When I was in my early 20's I was a big partier. I was involved in a drunk driving accident which left me paralyzed from the neck-down. A few years later I realized it was alcoholism and have been sober for the last 24 years. I had always been very active so being paralyzed forced me to be still and to start thinking. My fiancé at the time could not deal with this tragedy and so broke off our engagement. Amidst my suffering, I went back to what I had known as a child—that Mary was my mother and that the rosary was a powerful prayer. I remembered how my mother had gone to Mary when she was in need and so I began to pray, hoping to receive peace and comfort. Eventually after much prayer and therapy, I was able to walk again and to return to work.READ MORE
As the only child in a loveless marriage, I felt the pressure of trying to make my parents happy at a very early age. Perfection in everything was the only way to win my mother’s love, so I did my best to excel in everything I did. Despite the fact that I was an honor student and successful in everything I tried to do, I never felt good enough to win my parents love and approval.
At High School graduation, my mother explained to me that since my father had just retired and she only worked part-time, I would now be responsible for supporting my family. The most important thing in life was to be self-reliant, strong and financially and emotionally independent, as I could not rely on them or anyone else to support me.READ MORE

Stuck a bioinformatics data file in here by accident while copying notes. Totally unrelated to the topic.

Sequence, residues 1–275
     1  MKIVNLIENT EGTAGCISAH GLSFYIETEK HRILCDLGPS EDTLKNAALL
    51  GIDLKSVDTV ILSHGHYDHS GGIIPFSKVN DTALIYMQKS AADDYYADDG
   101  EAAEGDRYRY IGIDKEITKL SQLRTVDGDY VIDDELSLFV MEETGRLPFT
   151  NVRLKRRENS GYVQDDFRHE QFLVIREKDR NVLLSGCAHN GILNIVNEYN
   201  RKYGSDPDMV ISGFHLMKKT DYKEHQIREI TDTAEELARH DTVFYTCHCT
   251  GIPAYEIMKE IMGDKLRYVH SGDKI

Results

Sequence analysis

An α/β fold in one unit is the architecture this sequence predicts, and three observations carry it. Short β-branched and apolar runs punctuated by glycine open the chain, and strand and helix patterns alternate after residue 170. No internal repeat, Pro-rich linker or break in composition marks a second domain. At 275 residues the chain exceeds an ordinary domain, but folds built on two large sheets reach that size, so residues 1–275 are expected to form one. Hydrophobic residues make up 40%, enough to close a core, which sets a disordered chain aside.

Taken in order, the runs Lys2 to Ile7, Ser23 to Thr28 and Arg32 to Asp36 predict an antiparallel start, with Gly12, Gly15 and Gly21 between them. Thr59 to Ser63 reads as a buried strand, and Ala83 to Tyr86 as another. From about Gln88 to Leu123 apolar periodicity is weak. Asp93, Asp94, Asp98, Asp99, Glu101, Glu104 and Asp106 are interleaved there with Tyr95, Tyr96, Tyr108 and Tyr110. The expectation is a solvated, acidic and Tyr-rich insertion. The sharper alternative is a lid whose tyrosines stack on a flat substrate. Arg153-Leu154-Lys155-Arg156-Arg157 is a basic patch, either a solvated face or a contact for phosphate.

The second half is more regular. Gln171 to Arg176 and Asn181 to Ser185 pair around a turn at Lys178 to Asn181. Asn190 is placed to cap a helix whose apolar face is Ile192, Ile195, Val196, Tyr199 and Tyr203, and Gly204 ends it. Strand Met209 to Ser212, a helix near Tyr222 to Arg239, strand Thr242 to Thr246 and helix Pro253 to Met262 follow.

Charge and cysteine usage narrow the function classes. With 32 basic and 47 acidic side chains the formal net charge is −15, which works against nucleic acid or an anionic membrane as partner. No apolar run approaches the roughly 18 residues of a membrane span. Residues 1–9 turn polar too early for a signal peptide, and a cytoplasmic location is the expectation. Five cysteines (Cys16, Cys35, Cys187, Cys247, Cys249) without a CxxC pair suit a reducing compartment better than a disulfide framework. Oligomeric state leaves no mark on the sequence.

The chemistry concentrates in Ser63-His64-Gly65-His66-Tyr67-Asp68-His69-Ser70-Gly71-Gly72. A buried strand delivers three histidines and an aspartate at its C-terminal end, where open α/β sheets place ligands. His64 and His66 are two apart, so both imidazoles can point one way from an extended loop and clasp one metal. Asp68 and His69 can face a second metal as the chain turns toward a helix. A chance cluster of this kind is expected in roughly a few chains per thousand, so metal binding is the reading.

Raised in the Assemblies of God Church, my relationship with Jesus was personal and secure at a tender age. However, all things Catholic were foreign to me and sadly misunderstood. A love for the visual arts motivated me to enroll in 4 years of art school where I studied the world's great artists,and traveled abroad on several occasions. I remember a particularly powerful encounter that occurred while standing inside the Vatican, at Saint Peter’s Basilica in Rome, staring at Michelangelo’s Pietà. There was Mary, enveloped in graceful acceptance, lovingly and tenderly holding her son's limp body. I could feel the weight of our crucified Lord upon her lap. Looking back now, I see this as my first powerful introduction to our Blessed Mother. Another profound moment occurred while sitting through Mass inside Germany’s Kölner Dom (Cologne Cathedral). Amidst sacred music, billowing incense and grand stained glass windows, I felt strangely at home. Not yet Catholic, my heart was being stirred!Years later, by the Holy Spirit’s gentle prompting I enrolled in RCIA, and was welcomed into full communion with the Catholic Church in April of 2011.READ MORE